The Middle East Peace Process

Austrian and EU Interests

The Middle East has long presented a focal point of Austrian foreign policy interest. Special attention is paid to support the Middle East Peace Process and the implementation of a negotiated and lasting two-state solution as effective as possible. Hence, Austria takes part in the deliberations and decisions of the Common Foreign and Security Policy of the EU and maintains high-level political contacts in the region.

With a view to securing the Peace Process through economic and social development Austria maintains an intensive development cooperation program with the Palestinian government (Palestinian Authority), UNRWA and other development organizations in the fields of health, water management and environment as well as in building sustainable and effective institutions. In order to consolidate this cooperation, but also as an expression of willingness to actively support the Peace Process, Austria has opened a Representation with the Palestinian Authority in Ramallah (West Bank) and granted the Palestinian representation in Vienna the diplomatic status of a Representation of Palestine.

The EU supports the Middle East Peace Process with the utmost vigor and endeavors to play an active role. Austrian and EU positions are based on international law, Israel’s right to exist and previous agreements between Israel and the Palestine Liberation Organization (PLO) - repeatedly reiterated in policy statements and documents of EU foreign ministers.

The EU is the largest international donor of development cooperation and humanitarian aid for building a future Palestinian state.

History and latest developments

The Middle East Peace Process was initiated in October 1991 at the Madrid Middle East Conference after an uprising in the occupied Palestinian territories (first "Intifada" in 1987) and the Gulf War in 1991 had triggered sustained shocks in the region. Tangible results, however, only became apparent in 1992, when Israel and the PLO held secret negotiations in Oslo. These negotiations led to the mutual recognition of the State of Israel and the Palestine Liberation Organisation, the Declaration of Principles of September 13, 1993 ("Oslo I Agreement") and the Interim Agreement of September 28, 1995 on the expansion of Palestinian autonomy ("Oslo II Agreement"). It resulted in Israel's withdrawal from the major Palestinian cities on the West Bank of the River Jordan. While the negotiations that Israel conducted simultaneously with Syria and the Lebanon failed, negotiations with Jordan led to the signing of a peace agreement on October 26, 1994.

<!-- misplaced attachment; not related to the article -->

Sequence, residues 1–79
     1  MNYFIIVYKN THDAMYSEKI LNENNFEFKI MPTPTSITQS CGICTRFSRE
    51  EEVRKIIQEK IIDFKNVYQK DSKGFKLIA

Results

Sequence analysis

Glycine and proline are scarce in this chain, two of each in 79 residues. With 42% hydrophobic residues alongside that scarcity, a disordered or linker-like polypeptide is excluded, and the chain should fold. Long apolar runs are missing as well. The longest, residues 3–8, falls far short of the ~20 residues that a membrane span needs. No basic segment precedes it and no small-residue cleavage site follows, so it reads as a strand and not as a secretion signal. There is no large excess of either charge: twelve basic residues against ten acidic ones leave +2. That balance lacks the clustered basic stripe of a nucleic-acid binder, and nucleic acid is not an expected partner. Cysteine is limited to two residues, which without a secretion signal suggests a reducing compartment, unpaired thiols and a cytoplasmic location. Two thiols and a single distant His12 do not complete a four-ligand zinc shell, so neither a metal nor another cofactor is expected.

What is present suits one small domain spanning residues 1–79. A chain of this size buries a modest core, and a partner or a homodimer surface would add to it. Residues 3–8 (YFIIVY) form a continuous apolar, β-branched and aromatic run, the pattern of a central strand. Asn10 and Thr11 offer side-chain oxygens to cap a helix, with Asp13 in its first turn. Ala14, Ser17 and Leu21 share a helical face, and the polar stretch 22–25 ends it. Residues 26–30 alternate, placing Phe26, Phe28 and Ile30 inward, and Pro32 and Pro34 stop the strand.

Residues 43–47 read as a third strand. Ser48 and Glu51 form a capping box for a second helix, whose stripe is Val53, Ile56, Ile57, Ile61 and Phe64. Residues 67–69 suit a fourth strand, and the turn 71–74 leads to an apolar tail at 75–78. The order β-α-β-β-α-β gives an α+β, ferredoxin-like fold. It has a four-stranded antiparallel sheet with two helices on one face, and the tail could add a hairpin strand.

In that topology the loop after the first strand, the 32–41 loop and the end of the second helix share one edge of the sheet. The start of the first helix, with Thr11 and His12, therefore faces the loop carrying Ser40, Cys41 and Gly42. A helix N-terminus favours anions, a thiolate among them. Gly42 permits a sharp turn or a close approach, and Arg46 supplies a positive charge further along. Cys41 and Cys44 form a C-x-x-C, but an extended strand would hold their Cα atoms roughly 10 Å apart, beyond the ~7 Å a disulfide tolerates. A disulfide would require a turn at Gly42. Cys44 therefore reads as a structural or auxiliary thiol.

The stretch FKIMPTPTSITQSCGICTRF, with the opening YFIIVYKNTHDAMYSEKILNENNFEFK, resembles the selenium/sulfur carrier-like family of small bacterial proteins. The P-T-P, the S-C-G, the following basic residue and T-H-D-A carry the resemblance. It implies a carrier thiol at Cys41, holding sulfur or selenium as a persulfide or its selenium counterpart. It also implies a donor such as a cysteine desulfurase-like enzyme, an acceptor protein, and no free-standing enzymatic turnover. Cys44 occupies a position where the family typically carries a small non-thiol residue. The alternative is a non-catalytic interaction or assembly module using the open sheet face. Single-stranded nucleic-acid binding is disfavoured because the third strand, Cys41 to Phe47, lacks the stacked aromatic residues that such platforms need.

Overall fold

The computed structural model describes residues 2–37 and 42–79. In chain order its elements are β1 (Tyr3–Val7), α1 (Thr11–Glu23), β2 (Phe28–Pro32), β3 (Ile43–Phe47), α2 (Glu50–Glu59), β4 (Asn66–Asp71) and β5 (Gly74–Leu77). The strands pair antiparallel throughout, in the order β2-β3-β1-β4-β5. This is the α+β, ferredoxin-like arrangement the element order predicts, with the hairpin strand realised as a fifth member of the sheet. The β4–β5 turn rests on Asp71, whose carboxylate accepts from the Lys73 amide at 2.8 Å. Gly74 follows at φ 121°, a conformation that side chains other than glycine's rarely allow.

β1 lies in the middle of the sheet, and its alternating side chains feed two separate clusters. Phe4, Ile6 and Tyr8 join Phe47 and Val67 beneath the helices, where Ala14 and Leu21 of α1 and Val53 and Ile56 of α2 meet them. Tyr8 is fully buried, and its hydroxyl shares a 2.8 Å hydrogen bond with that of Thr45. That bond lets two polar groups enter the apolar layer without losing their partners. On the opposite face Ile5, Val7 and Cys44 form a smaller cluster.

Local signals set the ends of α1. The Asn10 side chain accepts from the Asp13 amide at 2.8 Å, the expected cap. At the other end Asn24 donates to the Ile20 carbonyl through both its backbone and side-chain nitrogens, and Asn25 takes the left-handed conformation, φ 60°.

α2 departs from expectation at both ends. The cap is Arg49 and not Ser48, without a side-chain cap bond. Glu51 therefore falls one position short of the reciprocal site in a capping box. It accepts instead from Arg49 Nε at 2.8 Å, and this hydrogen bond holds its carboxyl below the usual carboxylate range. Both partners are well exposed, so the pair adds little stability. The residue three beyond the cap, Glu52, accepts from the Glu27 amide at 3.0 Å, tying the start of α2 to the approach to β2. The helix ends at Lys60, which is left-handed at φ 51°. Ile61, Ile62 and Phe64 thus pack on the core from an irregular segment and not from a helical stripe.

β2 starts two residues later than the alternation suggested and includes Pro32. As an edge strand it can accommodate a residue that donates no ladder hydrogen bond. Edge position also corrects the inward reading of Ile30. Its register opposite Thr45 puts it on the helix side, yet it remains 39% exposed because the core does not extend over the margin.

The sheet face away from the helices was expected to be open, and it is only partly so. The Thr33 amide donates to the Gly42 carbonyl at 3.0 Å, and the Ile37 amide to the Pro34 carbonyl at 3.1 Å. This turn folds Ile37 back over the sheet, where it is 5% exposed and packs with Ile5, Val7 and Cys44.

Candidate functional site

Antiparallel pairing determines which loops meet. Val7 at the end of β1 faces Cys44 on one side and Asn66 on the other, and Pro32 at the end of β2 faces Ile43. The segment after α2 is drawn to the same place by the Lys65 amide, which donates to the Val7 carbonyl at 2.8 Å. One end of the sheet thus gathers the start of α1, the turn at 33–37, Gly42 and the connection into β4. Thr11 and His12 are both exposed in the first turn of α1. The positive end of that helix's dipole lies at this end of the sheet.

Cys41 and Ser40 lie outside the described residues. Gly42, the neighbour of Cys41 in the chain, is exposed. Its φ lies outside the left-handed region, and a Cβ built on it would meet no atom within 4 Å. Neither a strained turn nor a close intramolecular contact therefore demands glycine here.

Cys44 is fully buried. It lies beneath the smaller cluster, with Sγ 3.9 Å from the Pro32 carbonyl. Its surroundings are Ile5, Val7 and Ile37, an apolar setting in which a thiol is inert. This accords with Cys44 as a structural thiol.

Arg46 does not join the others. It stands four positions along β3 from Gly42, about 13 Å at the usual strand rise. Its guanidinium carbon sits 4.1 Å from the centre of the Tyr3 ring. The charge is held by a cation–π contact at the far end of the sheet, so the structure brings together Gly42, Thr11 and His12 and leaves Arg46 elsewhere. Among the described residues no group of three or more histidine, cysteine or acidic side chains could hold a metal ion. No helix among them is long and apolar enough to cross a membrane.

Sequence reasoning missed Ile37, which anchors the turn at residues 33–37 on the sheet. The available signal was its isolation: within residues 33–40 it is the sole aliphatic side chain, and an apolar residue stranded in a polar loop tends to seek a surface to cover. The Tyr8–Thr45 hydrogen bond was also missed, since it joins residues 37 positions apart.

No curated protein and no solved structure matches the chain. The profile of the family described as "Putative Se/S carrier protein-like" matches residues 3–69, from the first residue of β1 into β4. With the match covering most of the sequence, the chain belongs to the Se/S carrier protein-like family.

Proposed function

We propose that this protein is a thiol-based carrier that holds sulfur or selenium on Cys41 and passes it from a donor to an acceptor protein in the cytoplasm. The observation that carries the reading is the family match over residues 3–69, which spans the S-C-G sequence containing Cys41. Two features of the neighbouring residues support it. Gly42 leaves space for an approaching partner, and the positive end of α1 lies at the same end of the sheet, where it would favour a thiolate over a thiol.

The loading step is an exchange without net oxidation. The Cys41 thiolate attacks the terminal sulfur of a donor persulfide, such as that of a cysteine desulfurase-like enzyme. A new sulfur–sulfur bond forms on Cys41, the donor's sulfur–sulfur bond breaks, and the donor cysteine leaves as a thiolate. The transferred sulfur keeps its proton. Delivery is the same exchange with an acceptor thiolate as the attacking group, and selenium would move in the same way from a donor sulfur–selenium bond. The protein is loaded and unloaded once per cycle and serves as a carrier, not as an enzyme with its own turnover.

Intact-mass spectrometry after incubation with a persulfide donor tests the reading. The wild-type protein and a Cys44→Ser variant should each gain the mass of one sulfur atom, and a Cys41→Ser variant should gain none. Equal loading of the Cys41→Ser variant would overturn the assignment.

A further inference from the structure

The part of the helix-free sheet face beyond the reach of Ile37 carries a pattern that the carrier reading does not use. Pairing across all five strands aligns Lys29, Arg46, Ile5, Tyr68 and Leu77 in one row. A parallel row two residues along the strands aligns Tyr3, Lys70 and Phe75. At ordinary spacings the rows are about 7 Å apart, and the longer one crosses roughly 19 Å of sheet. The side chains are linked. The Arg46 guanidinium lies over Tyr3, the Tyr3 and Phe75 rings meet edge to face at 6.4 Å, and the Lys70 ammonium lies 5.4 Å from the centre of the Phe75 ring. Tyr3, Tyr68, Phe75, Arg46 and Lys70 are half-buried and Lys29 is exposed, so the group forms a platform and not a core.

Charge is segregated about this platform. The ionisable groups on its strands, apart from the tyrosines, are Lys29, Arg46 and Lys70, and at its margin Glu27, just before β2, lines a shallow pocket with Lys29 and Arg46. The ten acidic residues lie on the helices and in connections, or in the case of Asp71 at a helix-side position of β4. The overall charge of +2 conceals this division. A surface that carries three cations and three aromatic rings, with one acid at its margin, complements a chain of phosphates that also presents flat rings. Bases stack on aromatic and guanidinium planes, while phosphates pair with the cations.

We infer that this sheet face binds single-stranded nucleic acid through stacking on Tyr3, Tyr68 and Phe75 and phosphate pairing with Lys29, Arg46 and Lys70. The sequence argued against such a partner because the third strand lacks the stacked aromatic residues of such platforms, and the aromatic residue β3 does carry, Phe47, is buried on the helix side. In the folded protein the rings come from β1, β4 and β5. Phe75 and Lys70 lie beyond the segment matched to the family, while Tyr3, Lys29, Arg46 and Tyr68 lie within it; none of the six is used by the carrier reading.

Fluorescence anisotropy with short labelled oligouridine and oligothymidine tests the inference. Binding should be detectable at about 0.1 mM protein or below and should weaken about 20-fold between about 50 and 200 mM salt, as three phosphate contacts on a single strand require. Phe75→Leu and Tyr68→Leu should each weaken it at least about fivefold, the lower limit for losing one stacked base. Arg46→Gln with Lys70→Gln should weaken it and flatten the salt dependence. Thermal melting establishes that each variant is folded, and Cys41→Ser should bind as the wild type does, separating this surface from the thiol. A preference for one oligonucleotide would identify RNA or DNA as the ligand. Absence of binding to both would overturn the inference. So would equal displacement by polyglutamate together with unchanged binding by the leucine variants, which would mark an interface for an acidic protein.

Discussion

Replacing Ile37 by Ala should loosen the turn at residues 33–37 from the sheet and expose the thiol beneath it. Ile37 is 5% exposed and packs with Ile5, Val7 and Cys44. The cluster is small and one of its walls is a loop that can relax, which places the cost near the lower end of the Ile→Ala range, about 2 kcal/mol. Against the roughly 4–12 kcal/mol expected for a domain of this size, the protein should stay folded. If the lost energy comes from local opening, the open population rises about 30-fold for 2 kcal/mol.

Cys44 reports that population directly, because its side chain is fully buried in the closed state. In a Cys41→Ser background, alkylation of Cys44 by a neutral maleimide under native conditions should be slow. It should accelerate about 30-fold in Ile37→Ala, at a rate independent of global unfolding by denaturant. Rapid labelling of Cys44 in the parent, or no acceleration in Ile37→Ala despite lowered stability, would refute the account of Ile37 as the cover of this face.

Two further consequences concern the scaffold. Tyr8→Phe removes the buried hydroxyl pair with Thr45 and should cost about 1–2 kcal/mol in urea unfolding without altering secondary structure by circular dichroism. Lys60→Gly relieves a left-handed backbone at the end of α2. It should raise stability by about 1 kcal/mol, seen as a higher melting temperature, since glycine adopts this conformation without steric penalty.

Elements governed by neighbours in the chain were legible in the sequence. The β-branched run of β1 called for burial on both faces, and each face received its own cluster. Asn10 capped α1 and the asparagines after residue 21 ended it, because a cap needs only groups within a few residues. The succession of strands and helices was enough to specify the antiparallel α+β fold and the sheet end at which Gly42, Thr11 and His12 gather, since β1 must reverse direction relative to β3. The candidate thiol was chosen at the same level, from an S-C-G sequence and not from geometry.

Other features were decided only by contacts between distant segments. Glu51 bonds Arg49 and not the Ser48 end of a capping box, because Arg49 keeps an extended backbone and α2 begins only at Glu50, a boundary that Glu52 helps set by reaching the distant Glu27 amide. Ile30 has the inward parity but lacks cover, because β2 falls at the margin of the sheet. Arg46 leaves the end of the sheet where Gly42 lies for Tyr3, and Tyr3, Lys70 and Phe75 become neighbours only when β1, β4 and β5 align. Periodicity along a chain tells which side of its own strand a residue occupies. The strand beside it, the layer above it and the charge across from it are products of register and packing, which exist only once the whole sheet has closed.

Setbacks, such as the assassination of Israeli Prime Minister Rabin in November 1995, and efforts to revive the peace process, such as those in 1999, when the handing-over of other occupied territories in the West Bank to the Palestinians as well as negotiations on the final status of the Palestinian territories began, alternate with each other ever since. The aim of all these efforts is the implementation of the so-called "two-state solution," i.e. two states, Israel and Palestine in peaceful coexistence within mutually recognized borders - a goal that is supported by the EU and Austria and by most of the international community respectively.

After the outbreak of the so-called "second intifada" (2000), the Israeli government made the country's security, and in particular the fight against Palestinian extremists, the lynchpin of its policy. The Israeli army intensified its military occupation measures in many parts of the Palestinian territories and bought about a de facto reversal of the results achieved by the "Oslo Process". While a regime of closures and the construction of the separation barrier (from 2003 on), that in parts runs deeply within Palestinian territory, have led to a reduction of attacks against Israeli targets, they also resulted in profound restrictions on economic and social activities in the Palestinian territories.

The evacuation of Israeli settlers in the Gaza Strip, the withdrawal of Israeli forces to its borders in 2005 as well as the “Agreement on Movement and Access " led to a short hope of increased integration between the West Bank and the Gaza Strip. The first parliamentary elections under the participation of all major political camps in 2006 promised a democratically-established Palestinian Authority. Due to the intra-Palestinian conflict between Fatah and Hamas these developments came to an end, the closure of the Gaza Strip by the Israeli army was reinforced and it was subsequently used in an increasing way as a starting point for various military and terrorist attacks against Israeli territory and became the target of Israeli military actions.

Although U.S. mediation efforts in 2010 had led to "proximity talks", the end of a (partial) Israeli settlement moratorium at the end of September 2010 resulted in their complete breakdown. Alternatively the PLO sought to gain recognition and support at the international level leading to the recognition of Palestine as a non-member observer state by the General Assembly of the United Nations (GA-Res. 67/19 of 29 November 2012). Together with 137 other Member States of the United Nations, among them 13 EU Member-States, Austria supported the resolution.

In the course of the second term of President Obama as well as the appointment of John Kerry for Secretary of State, U.S. foreign policy has gained the necessary momentum to bring the parties back to the negotiating table. Despite these efforts, however, a tangible result could not be achieved so far.